Q: When and where did Diego and Frida remarry?
A: In San Francisco’s City Hall on December 8, 1940.
Q: How long did it take to finish the mural?
A: The charcoal drawing on the plaster substrate was unveiled on July 25, 1940.
The first invitational showing was about four months later on November 29, 1940.
(The Fair closed September 29, 1940 and Rivera and his crew worked in the cold hanger, the Palace of Fine Arts, for two months.)
Q: How did Paulette Goddard end up in the mural?
A: She was in Mexico City on a publicity tour for Look magazine and met Rivera just before he was due to come to the GGIE. This connection probably led to the use of images from The Great Dictator in which she starred with her husband Charlie Chaplin.
Q: What is the significance of the name “PETER” on Goddard’s necklace?
A: This was her nickname for herself. Paulette collected jewelry and helped popularize charm bracelets.
Q: What are some of the metaphors in the mural?
A: The mural “bridges” the cultures on this continent. The mural is a physical metaphor for the Golden Gate Bridge. It is made up of 5 horizontal modules and, vertically, the ratio of the two mural panels is the same as the ratio of the bridge tower above and below the roadbed. There is an undercurrent of Masonic images in the mural as well.
Q: What did Rivera think of Pan Americanism?
A: Rivera was a fervent believer in the concept of the unity of the Americans. This idea is a thread that runs through his writings and speeches from the 1920’s up until his death in 1957. Our mural is the embodiment of this belief.
Q: How is the mural mounted?
A: The mural (22’ 1.5” high x 73’ 9” long) is made up of rigid steel frames which support the plaster, which was spread over a steel lath (screen). The five upper 14’9” square panels weigh about three tons each. The five lower 7’4.5” x 14’9” panels weigh just over one and a half tons each.
Q: Are any of the characters in the mural still alive?
A: We know of three:
Donald Cairns, the little boy in the front center of the mural, is Emmy Lou Packard’s son. Mr. Cairns and his family are very supportive of our efforts. His daughter is the image of her grandmother.
Sal Deguarda, the man in the white trunks looking up at the diver, was in the Billy Rose Aquacade at the Fair. Mr. Deguarda is currently working trying to recreate on Treasure Island the 80 foot Pacifica statue that was demolished after the Fair.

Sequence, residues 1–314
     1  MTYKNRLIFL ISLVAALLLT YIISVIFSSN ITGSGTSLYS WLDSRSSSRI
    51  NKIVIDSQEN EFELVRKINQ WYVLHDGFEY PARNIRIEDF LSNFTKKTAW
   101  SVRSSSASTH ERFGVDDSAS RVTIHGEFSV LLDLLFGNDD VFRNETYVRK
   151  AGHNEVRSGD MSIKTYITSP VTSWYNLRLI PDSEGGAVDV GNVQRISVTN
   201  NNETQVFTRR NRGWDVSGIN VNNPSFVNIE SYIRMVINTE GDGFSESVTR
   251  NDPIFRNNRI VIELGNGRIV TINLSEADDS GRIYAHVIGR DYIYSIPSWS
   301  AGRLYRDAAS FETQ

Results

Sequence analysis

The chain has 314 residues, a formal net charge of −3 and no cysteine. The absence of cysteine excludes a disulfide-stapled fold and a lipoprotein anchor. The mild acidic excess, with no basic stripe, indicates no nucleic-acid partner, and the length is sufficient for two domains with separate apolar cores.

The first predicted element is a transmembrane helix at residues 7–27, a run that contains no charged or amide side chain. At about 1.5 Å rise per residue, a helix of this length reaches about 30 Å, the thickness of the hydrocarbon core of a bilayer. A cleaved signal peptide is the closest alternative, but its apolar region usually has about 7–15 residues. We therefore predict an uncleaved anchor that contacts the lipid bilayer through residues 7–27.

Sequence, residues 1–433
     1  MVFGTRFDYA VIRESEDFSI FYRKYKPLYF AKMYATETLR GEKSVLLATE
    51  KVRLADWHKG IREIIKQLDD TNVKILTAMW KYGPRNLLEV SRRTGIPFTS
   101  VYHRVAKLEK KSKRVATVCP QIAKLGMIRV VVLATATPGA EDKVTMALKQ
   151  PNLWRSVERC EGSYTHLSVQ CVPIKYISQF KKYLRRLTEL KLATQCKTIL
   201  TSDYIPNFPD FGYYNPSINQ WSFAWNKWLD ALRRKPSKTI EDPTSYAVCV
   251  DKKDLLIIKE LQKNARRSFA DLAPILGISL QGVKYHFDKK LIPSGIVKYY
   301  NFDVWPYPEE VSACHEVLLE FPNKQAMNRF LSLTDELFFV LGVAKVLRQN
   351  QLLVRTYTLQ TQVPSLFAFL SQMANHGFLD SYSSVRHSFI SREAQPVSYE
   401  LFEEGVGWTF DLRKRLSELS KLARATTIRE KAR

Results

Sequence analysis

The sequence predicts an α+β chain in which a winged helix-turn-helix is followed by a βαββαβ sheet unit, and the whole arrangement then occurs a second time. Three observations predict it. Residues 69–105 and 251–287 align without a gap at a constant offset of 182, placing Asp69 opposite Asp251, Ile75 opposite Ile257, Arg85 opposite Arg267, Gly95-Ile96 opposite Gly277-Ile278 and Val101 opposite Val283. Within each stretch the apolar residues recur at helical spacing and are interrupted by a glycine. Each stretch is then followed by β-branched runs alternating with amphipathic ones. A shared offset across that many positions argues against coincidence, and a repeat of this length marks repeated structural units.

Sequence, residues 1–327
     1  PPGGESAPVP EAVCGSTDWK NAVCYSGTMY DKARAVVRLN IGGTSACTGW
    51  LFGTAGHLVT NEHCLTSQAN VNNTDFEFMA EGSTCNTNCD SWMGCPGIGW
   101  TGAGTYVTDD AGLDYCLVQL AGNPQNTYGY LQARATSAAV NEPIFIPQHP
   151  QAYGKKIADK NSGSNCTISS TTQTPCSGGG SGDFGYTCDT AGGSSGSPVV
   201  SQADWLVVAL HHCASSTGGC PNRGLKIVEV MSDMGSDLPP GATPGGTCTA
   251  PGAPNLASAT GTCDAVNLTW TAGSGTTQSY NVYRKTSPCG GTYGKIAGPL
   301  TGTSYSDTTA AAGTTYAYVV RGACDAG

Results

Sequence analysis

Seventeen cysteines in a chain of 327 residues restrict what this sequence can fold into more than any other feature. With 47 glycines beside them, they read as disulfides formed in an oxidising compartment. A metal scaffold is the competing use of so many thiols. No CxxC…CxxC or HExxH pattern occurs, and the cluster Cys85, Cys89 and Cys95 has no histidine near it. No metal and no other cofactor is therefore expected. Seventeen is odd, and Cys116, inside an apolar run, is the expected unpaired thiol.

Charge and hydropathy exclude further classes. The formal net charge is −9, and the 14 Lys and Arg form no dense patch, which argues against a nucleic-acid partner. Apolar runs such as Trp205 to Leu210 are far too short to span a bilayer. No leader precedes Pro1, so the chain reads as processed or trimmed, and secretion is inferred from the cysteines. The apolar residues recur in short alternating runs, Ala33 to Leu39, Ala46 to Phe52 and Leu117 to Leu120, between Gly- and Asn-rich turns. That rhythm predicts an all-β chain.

Lynn Wagner, Mona Hofmann’s daughter, the seven year old blond girl painting on the right side of the mural, lives in northern California.
Q: What are some of the subtle comments by Rivera?
A: The gentleman sitting at the table looking up at the diver is wearing a Wendell Willkie button. Wendell Willkie ran against FDR in the Nov. 1940 Presidential Election. Willkie was an internationalist and in later years would write a book, One World. These sentiments might have appealed to Rivera; they certainly did to Charlie Chaplin (My Father, Charlie Chaplin, p.264).
Q: Where did Diego Rivera and Frida Kahlo live during their visits to San Francisco?
A: November, 1930 – June, 1931 (9 months)
716 Montgomery Street, San Francisco
April-May, 1931 (6 weeks)
73 Monte Vista
Atherton, Ca. 94027
June, 1940 – January 1941
42 Calhoun Terrace, San Francisco
Q: Name the artists who assisted Rivera with the mural:
- Emmy Lou Packard, 1914-1998; California; painter
- Mona Hofmann, 1910-1971; California; painter
- Irene De Bohus, 1913-; American; painter
- Arthur Starr Niendorff, 1909-1976; Texas; plasterer, painter
- Peter Lowe, 1913-1989; Chinese; painter
- Thelma Johnson Streat, 1912-1959; African-American; painter
- Mine Okubo, 1912-2001; Japanese-American; painter
- Matthew Barnes, 1880-1951; Scottish; plasterer
- Paul Holmes Coates, 1911-1972; California; pigment grinder
- Edna Wolff, 1907-2001; Chicago; painter
- Wayne Lammers, n.d.; unknown
- Milo Anderson, n.d.; plasterer
A: He painted the White House portrait of President Monroe before much wider fame as an inventor in the 1840's.
Q: Who is Samuel Morse?